W A New type of test ordered for pipeline

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New type of test ordered for pipeline But critics not convinced it's the right one

Friday, March 10, 2000


Olympic Pipe Line Co. will have to use a new technology to test its 400-mile system before it can open the portions of the pipeline closed since a deadly accident June 10, federal regulators ordered yesterday.

"We want to make sure that every piece of pipe that Olympic has in the ground has been tested," said Patricia Klinger, a spokeswoman for the federal Office of Pipeline Safety.

The test, with a device known as a transverse flux tool, is supposed to check for defects in seams where sections of pipes have been welded.

Those welds also can be checked by injecting water into the pipe at high pressure for several hours, which is known as hydrostatic testing. This is an old and proven technology, and one that elected officials have been calling to be used to ensure the integrity of Olympic's pipeline. But it has its own problems.

The calls for hydrostatic testing became louder after Olympic embarked on limited water testing of 10 miles of pipeline in Bellingham. In September, the test resulted in a seam failure and a 6.5-foot hole blown in the pipeline in Bellingham.

Critics of Olympic had questions about the new test ordered yesterday and whether it represents an experimental technology.

U.S. Rep. Jay Inslee, D-Wash., said he will continue to push for hydrostatic testing.

"I think it's good that the Office of Pipeline Safety has recognized the need for additional testing," Inslee said.

But he added, "We need to be convinced that this will provide the same level of confidence that hydrostatic testing will provide."

Pipeline consultant Richard Kuprewicz, who has worked with Bellingham and Bellevue on concerns about Olympic Pipe Line, said the region should keep an open mind about the test ordered yesterday and the technology used to perform it.

But he said questions should be asked.

"Is this still in the category of research phase or is it accepted technology?" Kuprewicz asked.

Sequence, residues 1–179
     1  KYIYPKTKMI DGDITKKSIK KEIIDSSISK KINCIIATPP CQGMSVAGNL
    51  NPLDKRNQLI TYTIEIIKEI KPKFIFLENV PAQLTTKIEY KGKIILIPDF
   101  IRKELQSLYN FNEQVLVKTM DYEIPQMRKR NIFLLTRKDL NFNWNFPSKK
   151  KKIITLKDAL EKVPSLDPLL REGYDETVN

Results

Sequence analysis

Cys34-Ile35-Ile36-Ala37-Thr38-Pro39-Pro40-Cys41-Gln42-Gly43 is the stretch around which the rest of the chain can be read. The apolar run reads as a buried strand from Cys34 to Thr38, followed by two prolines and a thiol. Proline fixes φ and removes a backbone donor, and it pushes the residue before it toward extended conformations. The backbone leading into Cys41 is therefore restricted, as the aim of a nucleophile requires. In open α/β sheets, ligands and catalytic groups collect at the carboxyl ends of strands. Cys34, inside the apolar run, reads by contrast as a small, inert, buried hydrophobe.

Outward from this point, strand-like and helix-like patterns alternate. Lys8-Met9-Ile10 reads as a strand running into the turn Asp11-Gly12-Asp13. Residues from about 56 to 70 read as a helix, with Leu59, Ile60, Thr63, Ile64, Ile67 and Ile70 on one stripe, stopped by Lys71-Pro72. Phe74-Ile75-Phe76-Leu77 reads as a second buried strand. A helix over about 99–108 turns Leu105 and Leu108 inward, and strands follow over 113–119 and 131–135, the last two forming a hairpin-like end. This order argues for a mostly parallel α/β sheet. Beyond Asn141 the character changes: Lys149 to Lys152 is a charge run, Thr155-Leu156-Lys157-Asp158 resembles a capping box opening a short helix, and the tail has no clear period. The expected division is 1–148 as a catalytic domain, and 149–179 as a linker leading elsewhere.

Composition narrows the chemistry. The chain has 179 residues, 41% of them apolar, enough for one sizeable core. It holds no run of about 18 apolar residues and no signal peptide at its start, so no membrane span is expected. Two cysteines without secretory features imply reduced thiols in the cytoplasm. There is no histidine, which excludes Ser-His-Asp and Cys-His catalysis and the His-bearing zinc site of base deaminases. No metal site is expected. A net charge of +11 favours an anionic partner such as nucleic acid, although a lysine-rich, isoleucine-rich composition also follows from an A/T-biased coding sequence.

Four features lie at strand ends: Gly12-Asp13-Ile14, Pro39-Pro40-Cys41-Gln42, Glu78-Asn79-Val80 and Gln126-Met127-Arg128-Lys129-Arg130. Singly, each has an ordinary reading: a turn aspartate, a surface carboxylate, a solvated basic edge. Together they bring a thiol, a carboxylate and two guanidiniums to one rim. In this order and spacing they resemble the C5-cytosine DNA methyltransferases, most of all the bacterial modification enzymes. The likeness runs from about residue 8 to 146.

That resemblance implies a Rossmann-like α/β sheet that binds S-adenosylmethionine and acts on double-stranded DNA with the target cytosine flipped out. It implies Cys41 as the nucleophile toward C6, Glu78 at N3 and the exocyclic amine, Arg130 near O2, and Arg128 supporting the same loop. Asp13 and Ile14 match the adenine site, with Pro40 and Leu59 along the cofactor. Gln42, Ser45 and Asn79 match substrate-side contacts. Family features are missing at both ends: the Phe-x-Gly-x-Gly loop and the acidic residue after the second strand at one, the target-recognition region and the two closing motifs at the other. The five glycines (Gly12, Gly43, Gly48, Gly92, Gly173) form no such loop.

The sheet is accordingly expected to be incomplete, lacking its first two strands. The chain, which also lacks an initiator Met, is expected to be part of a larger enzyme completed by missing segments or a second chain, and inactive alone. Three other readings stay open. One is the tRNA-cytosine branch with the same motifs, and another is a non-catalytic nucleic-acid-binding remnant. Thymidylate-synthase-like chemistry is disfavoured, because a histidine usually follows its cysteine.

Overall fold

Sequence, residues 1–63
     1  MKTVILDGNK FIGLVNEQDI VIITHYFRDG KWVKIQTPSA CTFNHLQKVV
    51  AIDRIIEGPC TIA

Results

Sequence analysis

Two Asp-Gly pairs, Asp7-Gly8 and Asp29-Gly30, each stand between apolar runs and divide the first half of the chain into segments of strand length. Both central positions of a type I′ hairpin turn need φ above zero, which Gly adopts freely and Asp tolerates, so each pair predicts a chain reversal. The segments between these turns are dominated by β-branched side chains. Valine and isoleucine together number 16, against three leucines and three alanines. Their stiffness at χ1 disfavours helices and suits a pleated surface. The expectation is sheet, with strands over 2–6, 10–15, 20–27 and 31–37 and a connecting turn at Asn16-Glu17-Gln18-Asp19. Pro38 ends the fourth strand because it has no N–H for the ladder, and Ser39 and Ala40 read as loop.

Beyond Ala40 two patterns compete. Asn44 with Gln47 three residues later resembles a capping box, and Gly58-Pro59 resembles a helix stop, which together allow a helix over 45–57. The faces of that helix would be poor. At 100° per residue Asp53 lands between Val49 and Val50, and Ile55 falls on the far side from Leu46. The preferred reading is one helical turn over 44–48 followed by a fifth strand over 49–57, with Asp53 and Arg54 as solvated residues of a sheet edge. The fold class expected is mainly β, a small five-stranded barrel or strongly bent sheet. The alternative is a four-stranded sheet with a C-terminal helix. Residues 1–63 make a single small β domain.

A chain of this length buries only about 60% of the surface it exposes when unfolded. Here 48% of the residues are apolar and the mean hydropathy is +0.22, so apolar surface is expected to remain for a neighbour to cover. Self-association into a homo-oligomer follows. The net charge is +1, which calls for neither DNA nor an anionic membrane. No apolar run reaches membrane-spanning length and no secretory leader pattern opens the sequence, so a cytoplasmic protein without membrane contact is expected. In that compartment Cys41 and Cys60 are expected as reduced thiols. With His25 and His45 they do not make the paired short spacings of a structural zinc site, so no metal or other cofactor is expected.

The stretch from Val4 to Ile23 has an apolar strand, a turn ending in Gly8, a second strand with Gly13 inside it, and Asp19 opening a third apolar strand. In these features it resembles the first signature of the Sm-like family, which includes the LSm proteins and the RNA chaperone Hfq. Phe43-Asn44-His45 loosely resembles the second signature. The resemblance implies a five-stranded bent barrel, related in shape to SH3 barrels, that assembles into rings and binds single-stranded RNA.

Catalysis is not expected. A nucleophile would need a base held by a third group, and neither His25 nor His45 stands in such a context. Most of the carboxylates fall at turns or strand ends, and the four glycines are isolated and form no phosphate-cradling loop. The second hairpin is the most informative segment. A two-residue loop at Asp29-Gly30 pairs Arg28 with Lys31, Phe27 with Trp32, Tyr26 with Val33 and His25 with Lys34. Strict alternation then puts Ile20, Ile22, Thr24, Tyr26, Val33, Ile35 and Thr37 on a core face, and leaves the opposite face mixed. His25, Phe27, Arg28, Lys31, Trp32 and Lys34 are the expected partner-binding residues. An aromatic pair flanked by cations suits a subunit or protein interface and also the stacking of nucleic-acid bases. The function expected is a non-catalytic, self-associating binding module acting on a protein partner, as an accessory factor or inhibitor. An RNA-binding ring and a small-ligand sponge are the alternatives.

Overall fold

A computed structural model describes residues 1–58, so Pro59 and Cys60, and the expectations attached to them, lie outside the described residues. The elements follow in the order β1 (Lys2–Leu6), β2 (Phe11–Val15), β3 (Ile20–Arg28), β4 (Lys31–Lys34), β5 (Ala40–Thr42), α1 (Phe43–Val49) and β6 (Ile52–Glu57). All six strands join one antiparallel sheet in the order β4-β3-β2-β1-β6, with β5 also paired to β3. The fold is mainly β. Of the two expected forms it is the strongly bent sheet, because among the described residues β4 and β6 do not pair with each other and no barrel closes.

Klinger said regulators have seen the test performed successfully on a pipeline in the Midwest.

Olympic spokeswoman Maggie Brown said the company will leave it up to its own consultant to judge whether the transverse flux test is feasible.

Brown speculated that the order was in response to the repeated calls for hydrostatic testing, especially in the Eastside suburbs.

The order by the Office of Pipeline Safety comes at a time of renewed scrutiny for Olympic.

Last June 10, its 16-inch-diameter pipeline in Bellingham ruptured, spilling gasoline into a creek. The fuel ignited, killing two 10-year-old boys. An 18-year-old man was overcome by fumes and drowned.

Since then, regulators have issued detailed orders to improve Olympic's safety. Regulators also have kept the upper 40 miles of the pipeline in Whatcom and Skagit counties closed.

In January, the company asked the Office of Pipeline Safety for permission to open the upper section of pipeline. Its entire system runs from the Canadian border to Portland.

Olympic said it would ensure the integrity of the line by performing two internal inspections. The inspections are done by devices pushed slowly through the pipeline by petroleum.

The tests Olympic was planning would check for corrosion and external damage caused by construction and other activity.

Doing the tests and analyzing the results could take a year, Brown said.

Yesterday, the Office of Pipeline Safety ordered the third test with the transverse flux tool to look for problems in pipe seams.

Klinger said regulators decided that extensive hydrostatic testing could cause the pipeline to rupture or so weaken it that the line would fail later. At the same time, the tests would leave Olympic with contaminated water that it would have to dispose of.

Olympic's internal tests in 1996 and 1997 have become fodder for concerns about pipeline safety.

Bellevue and Renton have mapped where the tests showed potential problems.

The company will soon have a series of workshops around the state to explain the inspection data from 1996 and 1997 and to quell worries about it.

Monday, U.S. Sens. Slade Gorton and Patty Murray will hold a field hearing on pipeline safety at Bellingham's city hall.

Both Olympic and the Office of Pipeline Safety, which critics have long accused of being a lax regulator, will probably come under fire at the hearing.


-- Martin Thompson (mthom1927@aol.com), March 10, 2000

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